The evolution of denying fibromyalgia and chronic fatigue syndrome claims in group long term disability policies

As a disability claimant it is important to be aware of any limited benefit periods which may unfairly limit your benefits to two years. Once considered “fringe” conditions not commonly understood by many- especially Group Long Term Disability insurance companies, Fibromyalgia and Chronic Fatigue Syndrome (CFS) have become more prevalent, spurning widespread acknowledgment and recognition of these debilitating conditions. The medical communities acceptance of Fibromyalgia and CFS as disabling conditions have resulted in Long Term Disability insurance companies looking for ways to combat paying claims for these conditions.

Disability insurance companies attempt to limit payments for Fibromyalgia and CFS by including 2 year Limited Benefit Period provisions in their disability policies. The 2 year limited benefit period limitations are usually titled: Self Reported Symptoms Conditions, Neuromusculoskeletal and Soft Tissue Order Condition Limitations, or Other Limited Conditions. These “catch-all” provisions are the insurance company’s way of limiting their exposure in paying claims for such conditions as Fibromyalgia, CFS and other medical conditions that cause chronic pain and cannot be verified by objective medical testing. The language in these provisions can be overcome if you have the appropriate medical documentation.

Today, in reviewing information from an insured denied by SUN LIFE Insurance Company, I came across what is perhaps the most restrictive Fibromyalgia and CFS language I have yet to see in a Group Disability Insurance Policy. The Sun life Disability Policy, which is governed by ERISA, states, in part:

For Chronic Fatigue Syndrome:

Limitations

No LTD benefit will be payable for any Total or Partial Disability during any of the following periods:

7. any period of Total or Partial Disability due to Chronic Fatigue Illness, unless the Employee is under the continuing care of a Physician providing appropriate treatment and regular examination and testing in accordance with the disabling condition unless the Employee has reached his maximum point of recovery and is still Totally or PartiallyDisabled.

Benefits will be payable for the first 24 months after the Employee completes his Elimination Period.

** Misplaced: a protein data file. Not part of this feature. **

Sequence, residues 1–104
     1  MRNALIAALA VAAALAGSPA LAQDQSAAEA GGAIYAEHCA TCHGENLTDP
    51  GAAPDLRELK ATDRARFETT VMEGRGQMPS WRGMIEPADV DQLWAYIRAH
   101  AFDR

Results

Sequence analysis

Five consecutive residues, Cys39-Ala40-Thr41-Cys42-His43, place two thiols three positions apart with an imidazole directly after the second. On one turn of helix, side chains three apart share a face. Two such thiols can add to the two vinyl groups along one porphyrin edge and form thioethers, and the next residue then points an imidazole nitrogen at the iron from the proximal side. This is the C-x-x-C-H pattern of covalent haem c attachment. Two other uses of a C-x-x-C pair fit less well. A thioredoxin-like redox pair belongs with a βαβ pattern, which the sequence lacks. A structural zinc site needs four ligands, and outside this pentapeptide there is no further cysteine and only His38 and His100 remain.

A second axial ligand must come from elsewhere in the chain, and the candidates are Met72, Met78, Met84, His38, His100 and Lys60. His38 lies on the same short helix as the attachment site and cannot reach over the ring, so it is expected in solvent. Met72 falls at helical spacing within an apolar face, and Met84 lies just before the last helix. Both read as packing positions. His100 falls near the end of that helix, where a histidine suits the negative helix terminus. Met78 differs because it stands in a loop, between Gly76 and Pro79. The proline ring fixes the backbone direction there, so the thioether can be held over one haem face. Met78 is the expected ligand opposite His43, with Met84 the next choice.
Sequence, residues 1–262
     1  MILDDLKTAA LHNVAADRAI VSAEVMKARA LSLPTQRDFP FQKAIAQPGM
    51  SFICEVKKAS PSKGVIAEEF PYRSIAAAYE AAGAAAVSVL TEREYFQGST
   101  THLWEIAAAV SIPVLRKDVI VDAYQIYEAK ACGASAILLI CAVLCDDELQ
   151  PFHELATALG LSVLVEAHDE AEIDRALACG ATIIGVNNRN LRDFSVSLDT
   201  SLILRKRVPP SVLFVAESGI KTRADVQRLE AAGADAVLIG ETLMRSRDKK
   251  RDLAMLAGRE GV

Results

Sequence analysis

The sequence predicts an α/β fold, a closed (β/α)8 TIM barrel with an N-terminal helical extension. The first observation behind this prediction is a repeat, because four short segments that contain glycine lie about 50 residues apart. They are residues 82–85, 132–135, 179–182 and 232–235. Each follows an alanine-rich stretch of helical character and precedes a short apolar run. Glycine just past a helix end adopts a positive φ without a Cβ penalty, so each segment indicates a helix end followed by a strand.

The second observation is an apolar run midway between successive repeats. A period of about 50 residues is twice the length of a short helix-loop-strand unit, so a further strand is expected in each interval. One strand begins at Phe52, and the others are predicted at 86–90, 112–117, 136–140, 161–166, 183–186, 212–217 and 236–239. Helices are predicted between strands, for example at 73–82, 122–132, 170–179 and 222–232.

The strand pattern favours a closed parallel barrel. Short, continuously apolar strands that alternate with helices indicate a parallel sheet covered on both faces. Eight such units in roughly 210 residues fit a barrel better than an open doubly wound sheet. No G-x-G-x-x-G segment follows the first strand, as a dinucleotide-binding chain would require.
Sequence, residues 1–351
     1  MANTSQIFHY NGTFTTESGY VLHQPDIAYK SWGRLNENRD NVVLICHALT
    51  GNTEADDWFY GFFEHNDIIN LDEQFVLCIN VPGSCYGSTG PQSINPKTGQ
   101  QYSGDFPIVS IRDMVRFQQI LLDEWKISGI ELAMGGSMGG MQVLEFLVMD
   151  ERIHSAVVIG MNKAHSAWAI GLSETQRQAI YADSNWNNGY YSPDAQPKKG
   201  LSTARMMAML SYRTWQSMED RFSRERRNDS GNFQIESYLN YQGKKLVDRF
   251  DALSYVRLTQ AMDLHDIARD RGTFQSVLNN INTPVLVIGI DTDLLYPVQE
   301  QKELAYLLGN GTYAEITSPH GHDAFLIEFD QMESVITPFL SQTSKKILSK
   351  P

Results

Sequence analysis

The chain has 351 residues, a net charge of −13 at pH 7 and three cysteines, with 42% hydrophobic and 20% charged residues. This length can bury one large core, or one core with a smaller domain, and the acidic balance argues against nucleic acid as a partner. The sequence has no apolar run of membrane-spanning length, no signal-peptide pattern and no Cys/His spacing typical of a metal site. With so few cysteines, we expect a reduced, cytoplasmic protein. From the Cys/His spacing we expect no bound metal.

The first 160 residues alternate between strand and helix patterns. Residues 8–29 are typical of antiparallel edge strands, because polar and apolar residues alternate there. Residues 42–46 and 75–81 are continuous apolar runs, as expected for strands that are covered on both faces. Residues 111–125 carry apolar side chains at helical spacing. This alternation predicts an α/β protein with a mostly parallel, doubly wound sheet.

The Policy defines Chronic Fatigue Illness as:

Chronic Fatigue Illness means an Illness that is characterized by a debilitating fatigue in the absence of known medical or psychological conditions, which includes but is not limited to:

  1. Chronic Fatigue Syndrome as supported by Center for Disease Control Guidelines
  2. Chronic Fatigue Immunodeficiency Syndrome as supported by Center for Disease Control Guidelines
  3. Post Viral Syndrome
  4. Limbic Encephalopathy
  5. Epstein-Barr virus infection
  6. Herpes virus type 6 infection
  7. Myalgic Encephalomyelitis

Chronic Fatigue Illness does not include a disorder identified as a(n):

  1. Neoplastic disorder
  2. Neurologic disorder
  3. Endocrine disorder
  4. Hematologic disorder
  5. Rheumatologic disorder
  6. Depression

For Musculoskeletal and Connective Tissue Disorders
(Soft Tissue Disorders)

Limitations

8. any period of Total or Partial Disability due to Musculoskeletal and Connective Tissue Illness, unless the Employee is under the continuing care of a Physician providing appropriate treatment and regular examination and testing in accordance with the disabling: condition unless the Employee has reached his maximum point of recovery and is still Totally or Partially Disabled.

Benefits will be payable for the first 24 months after the Employee completes his Elimination Period.

The Policy defines Musculoskeletal and Connective Tissue Disorder as:

Musculoskeletal and Connective Tissue Illness means a disease or disorder of the neck and back and sprains and strains of joints and adjacent tissues, including but not limited to:

  1. cervical, thoracic and lumbosacral back and its surrounding soft tissue